Finding himself comfortably situated in bed with his breakfast on a tray before him, Mr. Ashwell smiled; the first smile, if Trenton had known it, which had crossed his face since yesterday morning.
    “Sit down, my boy.” Mr. Ashwell waved his hand towards a chair nearby. “Bring the chair closer so we don’t have to shout to each other. That’s better. Have you had your breakfast? Yes? Good, then we can talk.”
    Here Trenton, with another smile, interrupted. “Excuse me, sir, but Mr. Harrington won’t be very pleased with me if you neglect your breakfast. And it is a tasty one, for I saw Mrs. Collins prepare it myself.”
    “Well well. It wouldn’t do to upset Harrington more than one can help, would it? Well then, suppose you tell me about yourself while I eat.”
    “There isn’t much to tell sir. I’m the eldest son of Trenton Thomas Sr. who is ill. Mother works hard, taking in washing and ironing, but with Father ill and five younger brothers and sisters to feed, I had to find work to help out. There wasn’t any place nearby and Grandfather suggested I try the city, and mother’s old paster, Reverend Sadaro, gave me a reference and so did Mr. Clayton and Judge Fristoe when I went to see them.”
    “What did the judge say about coming to see me?” Mr. Ashwell demanded curtly.
    “Only that he thought it would be a good idea for me to come.”
    In thoughtful silence the old man ate the remains of his breakfast and Trenton waited quietly. After a full five minutes had passed, Mr. Ashwell turned to the lad. “Well, go on.”

Will you be back next week for the final part?
Questions or Comments?

Friday, March 1, 2013

A Slip on the Ice - Part 3

Lovely Morning Faithful Friday Fiction Fans,
Did you all get snow? We did! And it wasn't ice this time! We still have snow on the ground right now though it is quickly melting and we're ready for a bit of sunshine. :) Of course we didn't get nearly as much snow as those farther north of us got. We ended up with about 3-4 inches. It's been in the 30's most of the week, but it's supposed to warm up over the weekend.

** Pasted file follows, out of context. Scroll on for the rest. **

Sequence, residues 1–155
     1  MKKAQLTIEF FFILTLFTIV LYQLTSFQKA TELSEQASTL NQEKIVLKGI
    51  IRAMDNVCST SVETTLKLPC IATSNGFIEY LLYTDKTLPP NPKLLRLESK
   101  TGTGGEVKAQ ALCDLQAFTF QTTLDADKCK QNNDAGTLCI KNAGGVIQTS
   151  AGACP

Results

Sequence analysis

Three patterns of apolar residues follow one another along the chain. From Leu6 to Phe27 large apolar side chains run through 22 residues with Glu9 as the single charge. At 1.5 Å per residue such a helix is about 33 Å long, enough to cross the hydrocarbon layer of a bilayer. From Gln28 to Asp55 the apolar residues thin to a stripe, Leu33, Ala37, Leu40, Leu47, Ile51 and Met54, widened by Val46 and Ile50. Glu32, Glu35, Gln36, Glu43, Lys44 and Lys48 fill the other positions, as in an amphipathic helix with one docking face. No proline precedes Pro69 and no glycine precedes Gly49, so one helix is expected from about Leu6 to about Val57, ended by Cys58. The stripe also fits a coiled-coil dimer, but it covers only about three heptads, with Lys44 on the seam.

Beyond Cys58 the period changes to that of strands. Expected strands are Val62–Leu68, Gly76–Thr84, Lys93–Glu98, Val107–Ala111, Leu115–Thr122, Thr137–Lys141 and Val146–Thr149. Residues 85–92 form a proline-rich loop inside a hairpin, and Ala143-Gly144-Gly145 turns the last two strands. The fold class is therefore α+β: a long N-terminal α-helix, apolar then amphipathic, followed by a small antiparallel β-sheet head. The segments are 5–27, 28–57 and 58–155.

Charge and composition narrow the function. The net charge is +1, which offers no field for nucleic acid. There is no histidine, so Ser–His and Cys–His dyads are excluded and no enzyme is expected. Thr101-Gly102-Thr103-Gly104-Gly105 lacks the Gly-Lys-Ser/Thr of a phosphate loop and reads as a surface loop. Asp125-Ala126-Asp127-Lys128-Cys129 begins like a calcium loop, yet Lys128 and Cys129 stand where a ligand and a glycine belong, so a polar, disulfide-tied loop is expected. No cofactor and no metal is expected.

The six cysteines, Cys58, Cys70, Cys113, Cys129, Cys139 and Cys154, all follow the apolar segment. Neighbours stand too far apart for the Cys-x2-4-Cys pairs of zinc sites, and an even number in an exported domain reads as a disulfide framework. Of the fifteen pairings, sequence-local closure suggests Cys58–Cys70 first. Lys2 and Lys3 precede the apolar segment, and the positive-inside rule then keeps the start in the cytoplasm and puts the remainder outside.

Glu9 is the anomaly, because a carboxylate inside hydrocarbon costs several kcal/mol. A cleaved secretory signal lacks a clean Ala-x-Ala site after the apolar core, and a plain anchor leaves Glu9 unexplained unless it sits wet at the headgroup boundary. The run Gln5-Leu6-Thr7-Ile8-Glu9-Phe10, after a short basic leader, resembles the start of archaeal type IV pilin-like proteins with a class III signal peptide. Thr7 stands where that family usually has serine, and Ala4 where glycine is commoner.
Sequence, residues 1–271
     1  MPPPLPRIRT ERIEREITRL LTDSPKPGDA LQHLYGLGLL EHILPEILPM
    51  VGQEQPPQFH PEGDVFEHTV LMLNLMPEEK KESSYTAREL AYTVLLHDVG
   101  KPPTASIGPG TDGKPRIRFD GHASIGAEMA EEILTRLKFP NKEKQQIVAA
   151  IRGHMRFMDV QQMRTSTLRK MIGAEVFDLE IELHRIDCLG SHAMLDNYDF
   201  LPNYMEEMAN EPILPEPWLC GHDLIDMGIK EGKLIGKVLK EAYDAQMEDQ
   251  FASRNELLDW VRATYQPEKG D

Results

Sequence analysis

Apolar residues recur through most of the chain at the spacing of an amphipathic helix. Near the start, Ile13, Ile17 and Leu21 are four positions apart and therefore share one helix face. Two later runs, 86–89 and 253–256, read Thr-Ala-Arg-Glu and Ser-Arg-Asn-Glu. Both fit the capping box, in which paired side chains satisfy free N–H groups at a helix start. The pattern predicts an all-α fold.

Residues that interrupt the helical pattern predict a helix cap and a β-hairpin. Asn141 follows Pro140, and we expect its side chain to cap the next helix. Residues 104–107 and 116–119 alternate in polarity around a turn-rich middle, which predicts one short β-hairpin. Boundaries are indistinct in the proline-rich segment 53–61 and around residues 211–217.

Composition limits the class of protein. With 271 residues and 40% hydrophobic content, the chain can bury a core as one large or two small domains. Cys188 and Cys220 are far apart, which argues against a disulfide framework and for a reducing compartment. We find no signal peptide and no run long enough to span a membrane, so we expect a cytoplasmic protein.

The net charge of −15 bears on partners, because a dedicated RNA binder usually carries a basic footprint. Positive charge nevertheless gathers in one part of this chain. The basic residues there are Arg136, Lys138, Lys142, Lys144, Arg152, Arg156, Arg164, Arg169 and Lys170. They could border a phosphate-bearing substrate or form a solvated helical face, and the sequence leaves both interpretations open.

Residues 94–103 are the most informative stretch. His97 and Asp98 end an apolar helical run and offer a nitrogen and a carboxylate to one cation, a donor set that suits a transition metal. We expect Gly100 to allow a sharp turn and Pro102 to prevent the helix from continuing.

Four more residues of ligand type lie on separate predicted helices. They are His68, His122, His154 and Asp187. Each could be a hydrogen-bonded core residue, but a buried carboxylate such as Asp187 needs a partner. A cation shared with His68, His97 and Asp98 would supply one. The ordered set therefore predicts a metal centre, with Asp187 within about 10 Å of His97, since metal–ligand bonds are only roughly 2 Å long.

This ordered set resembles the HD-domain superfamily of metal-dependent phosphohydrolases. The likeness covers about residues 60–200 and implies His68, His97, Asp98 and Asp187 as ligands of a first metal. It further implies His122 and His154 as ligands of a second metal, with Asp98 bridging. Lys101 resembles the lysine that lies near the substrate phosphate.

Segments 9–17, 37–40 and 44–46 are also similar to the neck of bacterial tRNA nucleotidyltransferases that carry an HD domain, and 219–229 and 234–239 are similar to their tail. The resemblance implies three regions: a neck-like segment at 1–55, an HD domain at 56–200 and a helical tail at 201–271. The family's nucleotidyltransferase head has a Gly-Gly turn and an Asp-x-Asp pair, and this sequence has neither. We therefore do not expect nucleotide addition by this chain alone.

This past week was rather strange.
My grandparents left after lunch on Friday and that evening S & I went to babysit the kiddos. We played "school." Something they love! We put the kids to bed this time as Brother and Sis-i-l weren't expected home until 10:30.
On Saturday, S & I headed over to some friends' to watch their kids. We had fun and everyone enjoyed playing the "new" game we brought over. It was one J, S and I had grown up playing and loving. The game is called "Made for Trade."
Sunday was a welcome day of rest. Princess wasn't there, but Sweetheart was. I got to sit on the floor and talk with Sweetheart's mommy for a while. :)
On Monday evening we were supposed to have Goofball's 5th birthday party here, then go roller-skating with church families and then go out for ice cream. Well, since the weather was supposed to get bad they postponed the skating until next week. We did go over to Goofball's house to have a small party though.
Tuesday we got snow! Went for a lovely hour long walk with best friends.
Wednesday more snow in the morning, but otherwise a normal day.
Yesterday I had writing classes since we couldn't have them on Tuesday.
So, today we clean house and try to think it is Friday.

Writing: As you may have guessed, I didn't get much writing done this week. I had a headache on Tuesday evening so didn't write then. I got some TCR written last night. Now I need some help. As I'm sure most of you know, all cattle ranches had brands for their cattle. Well, I'm looking for a brand for Triple Creek Ranch. Create your own brand and send me a picture of it either to whatever e-mail address you normally use or to readanotherpage(at)gmail(dot)com and let me see what you have created. The chosen brand will be featured in the book of TCR. So, have fun and let me see your brands.

Oh, if you would like to see the new book, just go over to Rebekah's Books page and you can see the cover for it. It is still being proofed, but I'll let you know as soon as it's available for ordering.

And now for part 3 of

A Slip on the Ice

Last week . . .
    It was those words that came from the heart of his friend which brought the tears of healing to the mourning son, and the strong, manly frame shook with silent sobs. The arm about his shoulders tightened and Tim could feel his friend’s wordless love.

    It was several days afterwards as the two friends were strolling across the fields where they had played so often in the years gone by that Trent brought up the subject that had been often in his mind since the accident which had claimed the life of Reverend Thomas. “Tim, you are coming back to college, aren’t you?”
    Silently Tim shook his head.
    “But you can’t just quit. You’re at the head of every class and it’s only one more year. Father said he’d lend you the money if you needed any. Come Tim, don’t say no!” Tim coaxed pleadingly.
    Heaving a sigh, Tim replied, “I can’t, Trent. As much as I’d like to finish college, I just can’t do it right now. I have Mother and the girls to think about. Besides we’re . . . we’re moving.”